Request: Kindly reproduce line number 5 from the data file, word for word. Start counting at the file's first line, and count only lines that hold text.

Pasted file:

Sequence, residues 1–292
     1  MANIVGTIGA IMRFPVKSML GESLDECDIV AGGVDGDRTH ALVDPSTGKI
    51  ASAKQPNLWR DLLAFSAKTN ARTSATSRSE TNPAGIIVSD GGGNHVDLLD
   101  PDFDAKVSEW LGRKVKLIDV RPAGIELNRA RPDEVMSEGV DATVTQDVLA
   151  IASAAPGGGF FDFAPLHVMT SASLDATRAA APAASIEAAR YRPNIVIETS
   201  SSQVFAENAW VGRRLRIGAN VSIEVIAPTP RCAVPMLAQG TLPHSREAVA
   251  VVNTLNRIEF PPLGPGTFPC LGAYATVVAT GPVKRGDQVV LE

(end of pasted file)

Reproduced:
   151  IASAAPGGGF FDFAPLHVMT SASLDATRAA APAASIEAAR YRPNIVIETS